From Endurance to Dressage
I am constantly amazed by how well the USDF dressage tests build from one test to the next. When I am a little bit tempted to just skate by on one movement or another because it's hard, I give myself a stern mental shake. Each movement leads to another harder movement, so skating by now will only come back to bite you in the butt later.
The downward transition from canter to trot at X while crossing the diagonal is an excellent example. This movement first appears in Training Level at test 3. The movement is done on a left lead canter. In First Level, it shows up at test one and two, also on the left lead.
For test 3 at First Level, there's a big switch. The downward transition from canter to trot now comes on the right lead with a change to the left lead canter through trot. So yeah ... just getting by on the trot to canter transitions isn't going to work.
I have been schooling Speedy like crazy on the canter to trot. He can pick up the new lead just fine, but getting a nice downward transition while crossing the diagonal has been frustrating. He can do the transition quite well on a circle, and he can do it moderately well down the long side, but when sees the diagonal, he wants to lengthen instead of staying more collected. After working on it for a solid week, at least I know why and have been able to work on a fix.
The main problem is that Speedy is heavy on my outside rein. It doesn't matter which way I school it, left to right or right to left - he still wants to run through my outside reins as we cross the diagonal. Since he is so heavy on his forehand, he can't come back to the trot without hollowing his back and jerking his head up.
To help him get back on his hind end, I've been doing zillions of canter to trot to canter transitions on the circle. When I think he's getting it, I'll try the next canter to trot transition as I come out of the circle and across the diagonal. I have to do it a number of times, but eventually, he rocks back on his butt and gives me a good canter to trot transition.
I've discovered a few things that help. As I go into the corner, I have to give a really good half halt and pay close attention to the bend. If I let him get too straight as we cross the diagonal, he gets heavy. If I keep a bit of a bend, I can keep him more firmly on the outside rein.
The other thing that is helping is that instead of using the whole length of the arena, I am doing 15-meter canter circles with a downward transition just as I leave the circle. Then we pick up the new lead into another 15-meter canter circle. In all, we make a traditional figure eight that looks like two tear drops joined at the points.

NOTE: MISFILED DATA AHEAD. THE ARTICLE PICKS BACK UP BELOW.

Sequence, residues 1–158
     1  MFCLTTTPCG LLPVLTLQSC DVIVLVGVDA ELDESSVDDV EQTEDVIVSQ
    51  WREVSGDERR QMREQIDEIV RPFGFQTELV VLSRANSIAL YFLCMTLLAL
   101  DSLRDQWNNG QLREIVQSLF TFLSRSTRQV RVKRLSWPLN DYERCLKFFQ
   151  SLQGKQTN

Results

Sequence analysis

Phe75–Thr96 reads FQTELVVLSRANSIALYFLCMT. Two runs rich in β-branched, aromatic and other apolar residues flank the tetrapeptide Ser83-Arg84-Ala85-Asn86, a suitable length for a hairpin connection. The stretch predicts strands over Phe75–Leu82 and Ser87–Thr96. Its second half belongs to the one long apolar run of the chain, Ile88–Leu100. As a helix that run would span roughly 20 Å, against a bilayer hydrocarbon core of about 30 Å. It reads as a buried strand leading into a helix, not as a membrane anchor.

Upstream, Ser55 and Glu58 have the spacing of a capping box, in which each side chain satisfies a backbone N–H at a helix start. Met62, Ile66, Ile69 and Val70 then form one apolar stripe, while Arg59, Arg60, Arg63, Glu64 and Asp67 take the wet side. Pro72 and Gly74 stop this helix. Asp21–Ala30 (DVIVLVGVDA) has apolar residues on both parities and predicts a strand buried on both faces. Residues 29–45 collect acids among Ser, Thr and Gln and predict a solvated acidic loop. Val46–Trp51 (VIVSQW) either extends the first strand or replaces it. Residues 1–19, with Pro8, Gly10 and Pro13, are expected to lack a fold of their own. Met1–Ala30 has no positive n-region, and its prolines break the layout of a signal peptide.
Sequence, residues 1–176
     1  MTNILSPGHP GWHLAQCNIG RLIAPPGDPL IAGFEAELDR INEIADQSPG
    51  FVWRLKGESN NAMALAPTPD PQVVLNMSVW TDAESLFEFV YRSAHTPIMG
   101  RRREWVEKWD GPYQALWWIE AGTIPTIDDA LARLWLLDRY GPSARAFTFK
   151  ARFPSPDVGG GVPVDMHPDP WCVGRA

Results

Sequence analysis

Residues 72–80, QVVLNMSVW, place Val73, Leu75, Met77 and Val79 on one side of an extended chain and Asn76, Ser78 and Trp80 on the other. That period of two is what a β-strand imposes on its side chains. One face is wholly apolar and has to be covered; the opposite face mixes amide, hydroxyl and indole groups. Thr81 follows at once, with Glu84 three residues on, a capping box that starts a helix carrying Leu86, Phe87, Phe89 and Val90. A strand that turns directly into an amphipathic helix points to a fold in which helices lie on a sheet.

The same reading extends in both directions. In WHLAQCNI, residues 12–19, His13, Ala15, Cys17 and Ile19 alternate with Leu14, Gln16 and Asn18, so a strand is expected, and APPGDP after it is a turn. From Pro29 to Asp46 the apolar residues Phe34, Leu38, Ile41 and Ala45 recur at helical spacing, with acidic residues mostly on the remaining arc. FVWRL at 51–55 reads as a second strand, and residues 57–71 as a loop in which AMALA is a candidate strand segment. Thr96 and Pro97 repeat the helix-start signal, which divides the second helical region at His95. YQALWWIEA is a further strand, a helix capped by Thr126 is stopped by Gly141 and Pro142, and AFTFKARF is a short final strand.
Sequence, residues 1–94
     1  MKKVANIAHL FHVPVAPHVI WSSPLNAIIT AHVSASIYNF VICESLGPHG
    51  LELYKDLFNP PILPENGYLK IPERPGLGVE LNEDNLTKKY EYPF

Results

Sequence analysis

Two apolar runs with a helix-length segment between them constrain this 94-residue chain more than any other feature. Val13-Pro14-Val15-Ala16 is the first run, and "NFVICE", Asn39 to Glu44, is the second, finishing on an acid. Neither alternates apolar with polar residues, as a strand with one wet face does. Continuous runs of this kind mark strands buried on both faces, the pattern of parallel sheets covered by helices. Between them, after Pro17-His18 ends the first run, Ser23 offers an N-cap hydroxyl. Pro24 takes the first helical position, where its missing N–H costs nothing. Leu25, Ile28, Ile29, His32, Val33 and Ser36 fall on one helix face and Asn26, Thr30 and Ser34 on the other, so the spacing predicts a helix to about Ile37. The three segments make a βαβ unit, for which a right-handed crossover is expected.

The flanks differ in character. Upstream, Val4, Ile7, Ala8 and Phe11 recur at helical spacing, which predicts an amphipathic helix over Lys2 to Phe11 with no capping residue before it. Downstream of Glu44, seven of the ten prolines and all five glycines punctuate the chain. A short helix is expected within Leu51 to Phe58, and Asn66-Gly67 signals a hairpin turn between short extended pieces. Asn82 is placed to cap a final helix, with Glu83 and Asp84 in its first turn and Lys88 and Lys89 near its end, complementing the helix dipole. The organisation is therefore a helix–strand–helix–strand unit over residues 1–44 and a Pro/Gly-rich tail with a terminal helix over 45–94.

By keeping the circles small and close together, Speedy doesn't get a chance to lengthen his frame and fall onto his forehand. It is taking a ton of upper body strength to half halt him and tons of leg to keep him in the canter. I know this movement is the beginning of the flying change, so I want to make sure that we get it right. Speedy has to learn to really sit as we make the transition from canter to trot.
On the days that he gets it really right, I can feel the flying changes just bursting to come out. I need him to be patient though as he needs to improve his trot to canter on the long diagonal first, which is really about taking more weight on his hind end. I don't want just one flying change, I'm going to want a whole string of them!
About the Writer and Rider
I am a lifelong rider.
I began endurance riding in 1996 where I ultimately completed five, one-day 100 mile races, the 200-mile Death Valley Encounter, and numerous other 50, 65, and 75 mile races. I began showing dressage in 2010.
Welcome to my dressage journey.
About Speedy G
Speedy went from endurance horse to dressage horse. After helping me earn a USDF Bronze medal in the summer of 2020, he is now semi-retired. Speedy is a 2004, 15'1 hand, purebred Arabian gelding. His Arabian Horse Registry name is G Ima Starr FA.
Izzy was started as a four-year old and then spent the next 18 months in pasture growing up. I bought him as a six-year old, and together, we are showing at the lower levels. He is a 2008, 16'3 hand warmblood gelding. His Rheinland Pfalz-saar International (RPSI) name is Imperioso.
National Rider Awards
State Rider Awards
State Horse Awards
CDS Sapphire Rider Award
Third Level: 63.514%
Third Level: 62.105%
2022 Show Season
(r) Ride-a-Test Clinic
2022 Show Schedule
2022 Completed …
(*) Tehachapi 5/22/22
(*) Tehachapi 7/24/22
(***) Tehachapi 8/28/22
2023 Qualifying Scores
Regional Adult Amateur Competition (RAAC)
3 Scores/2 Judges/60%:
Score 1: 62.115%